Tom Moloney recalls how his grandfather saw a runaway WWII plane crash into the fields nearby…


Autumn. A screeching sound pierced the evening air and heralded my arrival. Flung unceremoniously from my carriage seat, I was pitched forward from darkness into light.

I awoke with a jolt and burst from sleep, gasping for breath like a submerged diver bursting through the surface. The train stopped suddenly, shuddering violently to a halt before conceding to its loss of propulsion. I imagined that the sudden stop was the work of an overenthusiastic trainee driver who had become too smitten with the shiny brake levers. I rummaged around my seat for my stuff, gathering up my phone, bag, hat and jacket, before shuffling off the train onto the platform at Thurles station.

“Not what I bargained for,” was the first thought that sprung to mind as I spied my uncle Jim and his 80-something-year-old neighbour, Jack. Welcoming parties are normally welcome, but I was not expecting Jack, a man who steered all conversation towards the ‘old days’, the Emergency period, and enduring the War Years.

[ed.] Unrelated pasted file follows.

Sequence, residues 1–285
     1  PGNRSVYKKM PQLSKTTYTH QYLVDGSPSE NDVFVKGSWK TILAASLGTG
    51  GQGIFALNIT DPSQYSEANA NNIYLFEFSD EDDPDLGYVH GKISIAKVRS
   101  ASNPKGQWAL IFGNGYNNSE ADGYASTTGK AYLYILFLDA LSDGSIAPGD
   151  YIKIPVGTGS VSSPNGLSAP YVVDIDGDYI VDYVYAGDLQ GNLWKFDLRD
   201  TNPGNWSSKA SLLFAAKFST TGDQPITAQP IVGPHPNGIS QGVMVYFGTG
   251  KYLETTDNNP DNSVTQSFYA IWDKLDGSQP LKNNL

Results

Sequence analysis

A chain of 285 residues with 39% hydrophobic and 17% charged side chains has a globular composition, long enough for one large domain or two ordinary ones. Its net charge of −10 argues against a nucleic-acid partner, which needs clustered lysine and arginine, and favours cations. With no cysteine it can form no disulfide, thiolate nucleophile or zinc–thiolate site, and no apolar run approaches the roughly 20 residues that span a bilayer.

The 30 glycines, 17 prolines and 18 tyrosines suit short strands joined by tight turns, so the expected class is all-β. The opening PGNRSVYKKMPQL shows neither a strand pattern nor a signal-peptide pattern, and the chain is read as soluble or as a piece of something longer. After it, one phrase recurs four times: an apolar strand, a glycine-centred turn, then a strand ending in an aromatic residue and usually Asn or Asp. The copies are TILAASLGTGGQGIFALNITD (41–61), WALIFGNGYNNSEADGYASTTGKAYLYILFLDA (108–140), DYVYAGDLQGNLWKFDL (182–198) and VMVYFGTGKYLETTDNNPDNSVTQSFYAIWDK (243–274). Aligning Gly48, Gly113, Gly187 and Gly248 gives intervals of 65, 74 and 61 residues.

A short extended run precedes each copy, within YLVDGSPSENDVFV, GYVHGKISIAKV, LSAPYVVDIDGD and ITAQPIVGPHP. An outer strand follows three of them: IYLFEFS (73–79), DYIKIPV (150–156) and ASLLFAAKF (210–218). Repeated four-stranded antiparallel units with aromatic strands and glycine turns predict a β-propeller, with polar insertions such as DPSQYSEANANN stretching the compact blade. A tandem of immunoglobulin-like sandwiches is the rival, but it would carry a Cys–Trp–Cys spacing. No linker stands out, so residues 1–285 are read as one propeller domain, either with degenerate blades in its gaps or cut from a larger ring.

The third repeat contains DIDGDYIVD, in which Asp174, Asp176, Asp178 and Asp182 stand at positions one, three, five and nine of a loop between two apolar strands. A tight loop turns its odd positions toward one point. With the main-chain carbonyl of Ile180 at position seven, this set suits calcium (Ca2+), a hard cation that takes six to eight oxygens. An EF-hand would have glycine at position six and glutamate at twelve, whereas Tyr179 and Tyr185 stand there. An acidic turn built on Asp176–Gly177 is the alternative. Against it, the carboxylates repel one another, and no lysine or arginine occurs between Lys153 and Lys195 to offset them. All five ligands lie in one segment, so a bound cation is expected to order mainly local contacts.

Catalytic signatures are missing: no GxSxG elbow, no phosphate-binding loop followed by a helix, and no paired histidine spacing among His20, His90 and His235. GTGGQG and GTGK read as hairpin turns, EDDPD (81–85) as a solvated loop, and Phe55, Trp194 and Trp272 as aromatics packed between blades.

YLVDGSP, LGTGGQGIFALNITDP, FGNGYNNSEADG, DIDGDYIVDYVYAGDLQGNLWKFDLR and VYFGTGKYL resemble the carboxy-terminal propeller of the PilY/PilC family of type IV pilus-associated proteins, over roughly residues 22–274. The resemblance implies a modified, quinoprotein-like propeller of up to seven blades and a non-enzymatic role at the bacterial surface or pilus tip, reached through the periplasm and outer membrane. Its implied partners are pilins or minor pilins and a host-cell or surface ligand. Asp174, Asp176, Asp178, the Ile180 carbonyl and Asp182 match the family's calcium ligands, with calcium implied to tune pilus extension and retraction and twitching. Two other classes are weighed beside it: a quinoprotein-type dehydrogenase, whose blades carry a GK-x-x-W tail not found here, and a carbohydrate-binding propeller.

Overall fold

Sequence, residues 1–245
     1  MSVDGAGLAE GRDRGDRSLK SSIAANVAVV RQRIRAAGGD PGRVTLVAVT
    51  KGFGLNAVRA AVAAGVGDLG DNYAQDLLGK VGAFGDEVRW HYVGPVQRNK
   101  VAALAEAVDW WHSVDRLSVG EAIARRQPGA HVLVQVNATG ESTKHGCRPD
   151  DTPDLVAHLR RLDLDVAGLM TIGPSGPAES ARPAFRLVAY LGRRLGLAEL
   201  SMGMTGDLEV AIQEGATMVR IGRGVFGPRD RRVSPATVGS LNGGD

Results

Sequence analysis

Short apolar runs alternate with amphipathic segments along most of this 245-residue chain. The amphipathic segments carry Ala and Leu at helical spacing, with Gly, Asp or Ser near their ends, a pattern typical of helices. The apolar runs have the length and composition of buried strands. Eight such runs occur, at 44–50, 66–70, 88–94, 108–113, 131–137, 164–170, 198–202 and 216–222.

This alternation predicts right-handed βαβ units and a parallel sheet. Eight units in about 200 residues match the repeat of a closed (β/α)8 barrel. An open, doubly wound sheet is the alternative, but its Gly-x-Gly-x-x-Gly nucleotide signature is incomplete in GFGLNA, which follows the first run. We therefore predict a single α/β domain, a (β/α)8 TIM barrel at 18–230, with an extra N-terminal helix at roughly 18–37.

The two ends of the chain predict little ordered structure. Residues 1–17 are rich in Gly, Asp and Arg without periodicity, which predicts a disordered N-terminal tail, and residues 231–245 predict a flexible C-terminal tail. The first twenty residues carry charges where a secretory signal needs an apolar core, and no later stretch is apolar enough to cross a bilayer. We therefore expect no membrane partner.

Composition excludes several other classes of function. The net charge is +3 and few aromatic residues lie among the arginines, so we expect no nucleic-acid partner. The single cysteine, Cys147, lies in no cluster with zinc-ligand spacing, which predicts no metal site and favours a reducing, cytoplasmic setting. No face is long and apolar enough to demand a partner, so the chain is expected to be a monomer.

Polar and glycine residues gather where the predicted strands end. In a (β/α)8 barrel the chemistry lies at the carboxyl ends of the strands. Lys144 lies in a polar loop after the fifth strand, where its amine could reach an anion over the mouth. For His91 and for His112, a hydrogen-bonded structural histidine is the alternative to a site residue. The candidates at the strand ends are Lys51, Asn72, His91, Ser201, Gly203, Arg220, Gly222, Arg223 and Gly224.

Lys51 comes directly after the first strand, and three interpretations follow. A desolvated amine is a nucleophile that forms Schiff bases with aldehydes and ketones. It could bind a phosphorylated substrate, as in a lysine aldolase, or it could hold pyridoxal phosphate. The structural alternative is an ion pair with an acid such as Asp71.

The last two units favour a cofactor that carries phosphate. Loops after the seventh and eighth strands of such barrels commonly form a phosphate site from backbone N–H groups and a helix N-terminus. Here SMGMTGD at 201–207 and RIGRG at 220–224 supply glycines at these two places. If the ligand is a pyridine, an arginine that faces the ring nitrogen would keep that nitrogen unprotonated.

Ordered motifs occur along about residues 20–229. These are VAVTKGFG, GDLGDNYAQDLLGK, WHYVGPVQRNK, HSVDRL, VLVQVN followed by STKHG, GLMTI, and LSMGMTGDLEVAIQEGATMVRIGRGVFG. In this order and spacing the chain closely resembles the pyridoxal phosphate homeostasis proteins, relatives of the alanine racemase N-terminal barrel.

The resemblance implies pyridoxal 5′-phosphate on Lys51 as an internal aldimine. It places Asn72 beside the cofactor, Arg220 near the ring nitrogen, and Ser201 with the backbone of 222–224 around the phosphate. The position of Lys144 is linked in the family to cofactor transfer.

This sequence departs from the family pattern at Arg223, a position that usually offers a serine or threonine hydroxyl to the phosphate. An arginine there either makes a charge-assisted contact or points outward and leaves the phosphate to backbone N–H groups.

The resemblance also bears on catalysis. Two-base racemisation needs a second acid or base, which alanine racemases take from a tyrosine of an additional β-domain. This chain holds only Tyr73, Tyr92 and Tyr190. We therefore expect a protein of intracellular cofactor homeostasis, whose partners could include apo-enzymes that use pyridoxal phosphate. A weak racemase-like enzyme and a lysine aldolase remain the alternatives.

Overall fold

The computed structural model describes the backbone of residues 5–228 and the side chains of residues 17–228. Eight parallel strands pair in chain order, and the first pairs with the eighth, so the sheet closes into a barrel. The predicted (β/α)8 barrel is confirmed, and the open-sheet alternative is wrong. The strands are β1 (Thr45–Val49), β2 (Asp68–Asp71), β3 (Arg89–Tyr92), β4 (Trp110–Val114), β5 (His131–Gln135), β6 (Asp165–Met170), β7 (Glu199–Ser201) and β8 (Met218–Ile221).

My uncle nodded knowingly at me and raised his eyes towards heaven as he glanced quickly in Jack’s direction. My original plan of grabbing a 15-minute nap in the car en-route to my uncle’s farm was swept away like pebbles in the path of a crashing wave.

“Tough times, the Emergency, but everyone pulled together; we helped one another, and somehow we all pulled through. We didn’t have much but we were happy nonetheless.”

Jack looked lean; like a man who had worked hard at farming all his life. However, he was not subdued by life’s struggles and retained a level of vitality that was impressive for someone his age.
His clothes were old-fashioned but he looked quiet smart in a white shirt and a lime green tie.

Continue reading in this week’s Ireland’s Own